Synopsis: Angry Indian Goddesses is India’s first female buddy movie with a fresh, realistic portrait of women in India today. Frieda, a fashion-commercial photographer trying to find her own art, gathers her closest girlfriends from all over India to travel to Goa for a surprise announcement: she’s getting married!
Thus begins an impromptu bachelorette celebration that lasts for a full week. A riotous roller-coaster ride of girl bonding; friendships, break ups, make ups, fuck ups, passion, devastation, hesitation, terrorization and self realization.
Amidst the fun and frenzy, heartbreak and heartache, passion and obsession, youth and innocence, secrets tumble out, tensions emerge, bonds are formed and emotions run high. Soon events will take a more serious turn, but for the moment these women are determined to seize the day.
eyelights: its beautiful cast. its intentions.
eyesores: its delivery. its many clichés.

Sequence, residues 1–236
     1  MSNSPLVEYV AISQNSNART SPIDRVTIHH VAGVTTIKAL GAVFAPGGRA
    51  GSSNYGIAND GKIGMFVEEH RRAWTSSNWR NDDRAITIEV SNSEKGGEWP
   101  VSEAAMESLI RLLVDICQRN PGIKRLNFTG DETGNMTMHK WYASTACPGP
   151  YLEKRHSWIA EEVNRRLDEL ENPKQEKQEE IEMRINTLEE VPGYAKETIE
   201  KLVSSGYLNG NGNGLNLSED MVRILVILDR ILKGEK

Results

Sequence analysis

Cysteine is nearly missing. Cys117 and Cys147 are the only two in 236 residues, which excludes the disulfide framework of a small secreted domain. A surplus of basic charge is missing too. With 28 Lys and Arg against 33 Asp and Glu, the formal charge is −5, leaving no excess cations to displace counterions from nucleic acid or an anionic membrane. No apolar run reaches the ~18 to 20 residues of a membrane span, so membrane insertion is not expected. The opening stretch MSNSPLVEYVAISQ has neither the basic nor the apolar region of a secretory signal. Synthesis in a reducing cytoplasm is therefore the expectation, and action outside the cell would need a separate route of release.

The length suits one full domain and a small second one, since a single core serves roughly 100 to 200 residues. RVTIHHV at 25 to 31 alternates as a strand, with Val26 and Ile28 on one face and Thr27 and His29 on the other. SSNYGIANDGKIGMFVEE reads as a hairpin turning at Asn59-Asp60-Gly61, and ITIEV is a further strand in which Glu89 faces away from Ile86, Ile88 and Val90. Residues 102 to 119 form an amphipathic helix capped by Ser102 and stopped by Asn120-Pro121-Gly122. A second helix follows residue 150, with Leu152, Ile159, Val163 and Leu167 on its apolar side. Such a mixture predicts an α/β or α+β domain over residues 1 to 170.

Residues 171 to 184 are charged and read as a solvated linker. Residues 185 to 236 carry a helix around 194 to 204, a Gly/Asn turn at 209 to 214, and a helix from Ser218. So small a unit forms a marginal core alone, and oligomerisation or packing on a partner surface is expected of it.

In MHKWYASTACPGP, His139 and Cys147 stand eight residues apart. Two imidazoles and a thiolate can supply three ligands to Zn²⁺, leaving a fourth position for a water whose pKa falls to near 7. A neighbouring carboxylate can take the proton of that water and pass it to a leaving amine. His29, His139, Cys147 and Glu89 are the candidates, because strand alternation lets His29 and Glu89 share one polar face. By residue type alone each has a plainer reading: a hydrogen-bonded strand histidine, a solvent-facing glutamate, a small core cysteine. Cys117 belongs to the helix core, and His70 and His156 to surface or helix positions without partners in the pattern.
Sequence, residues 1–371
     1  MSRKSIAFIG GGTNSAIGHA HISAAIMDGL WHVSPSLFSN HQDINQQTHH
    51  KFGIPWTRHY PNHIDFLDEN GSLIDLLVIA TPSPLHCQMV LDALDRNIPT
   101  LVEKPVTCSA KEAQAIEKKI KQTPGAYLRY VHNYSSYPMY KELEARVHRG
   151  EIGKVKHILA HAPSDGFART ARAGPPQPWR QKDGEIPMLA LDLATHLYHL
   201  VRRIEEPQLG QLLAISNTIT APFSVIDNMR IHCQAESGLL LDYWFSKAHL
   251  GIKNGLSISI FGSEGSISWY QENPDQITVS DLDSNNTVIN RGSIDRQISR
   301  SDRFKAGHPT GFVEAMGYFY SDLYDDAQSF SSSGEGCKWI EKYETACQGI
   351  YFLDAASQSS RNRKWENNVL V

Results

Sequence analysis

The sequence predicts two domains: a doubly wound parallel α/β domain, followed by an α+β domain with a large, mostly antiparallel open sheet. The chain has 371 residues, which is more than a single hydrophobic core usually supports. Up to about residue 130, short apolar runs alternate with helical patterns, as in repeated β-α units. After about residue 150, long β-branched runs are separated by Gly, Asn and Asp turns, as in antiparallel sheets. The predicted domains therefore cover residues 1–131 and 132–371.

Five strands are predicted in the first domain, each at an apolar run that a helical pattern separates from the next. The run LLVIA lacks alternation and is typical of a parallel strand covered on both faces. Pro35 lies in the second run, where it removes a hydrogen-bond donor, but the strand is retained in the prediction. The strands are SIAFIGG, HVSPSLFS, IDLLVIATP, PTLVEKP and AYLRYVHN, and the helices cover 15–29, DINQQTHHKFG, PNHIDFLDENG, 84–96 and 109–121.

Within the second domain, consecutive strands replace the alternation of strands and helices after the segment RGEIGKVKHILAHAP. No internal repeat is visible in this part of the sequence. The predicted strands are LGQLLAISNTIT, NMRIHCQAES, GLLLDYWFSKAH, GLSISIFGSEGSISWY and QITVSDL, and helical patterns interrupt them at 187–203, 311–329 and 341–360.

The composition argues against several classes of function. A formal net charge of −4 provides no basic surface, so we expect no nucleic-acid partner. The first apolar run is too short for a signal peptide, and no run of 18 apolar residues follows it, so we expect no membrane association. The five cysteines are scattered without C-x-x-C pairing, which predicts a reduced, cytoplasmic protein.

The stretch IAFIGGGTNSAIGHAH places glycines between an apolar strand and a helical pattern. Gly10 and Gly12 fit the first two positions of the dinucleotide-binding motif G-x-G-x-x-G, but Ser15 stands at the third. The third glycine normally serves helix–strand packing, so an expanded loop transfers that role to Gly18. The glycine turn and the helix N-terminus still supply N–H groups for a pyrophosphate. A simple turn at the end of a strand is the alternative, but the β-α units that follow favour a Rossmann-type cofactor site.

“I feel like I’m young, and I’m free.”
You have to love a title like ‘Angry Indian Goddesses’; it brings to mind so many images, such as a mythological epic with breathtakingly large scale conflicts, or a group of sublimely beautiful women raging against injustice. It’s the kind of title that, combined with its stunning North American promotional poster, promises such delights that it couldn’t possibly do any wrong.
Angry. Indian. Goddesses.
Dubbed the first Indian “buddy movie”, instead it tells the story of seven old friends who congregate at Frieda’s family home where she announces her upcoming nuptials. Over the course of a few days, the young women chillax together and reconnect. Secrets begin to surface. They get upset, they argue, and they always make up. But a devastating twist of fate is in store for them.
You want to love a movie called ‘Angry Indian Goddesses’.
Sadly, it’s the most conflict-avoidant movie I’ve seen in recent memory: a contrived melodrama, every bump in the road is either resolved quickly, effortlessly, or is utterly ignored – dismissed with a hug, maybe some tears (of joy or sadness)or with a music montage. It has all the superficiality of a dozen Hollywood teen movies crammed and wrapped up into one big “best of” picture.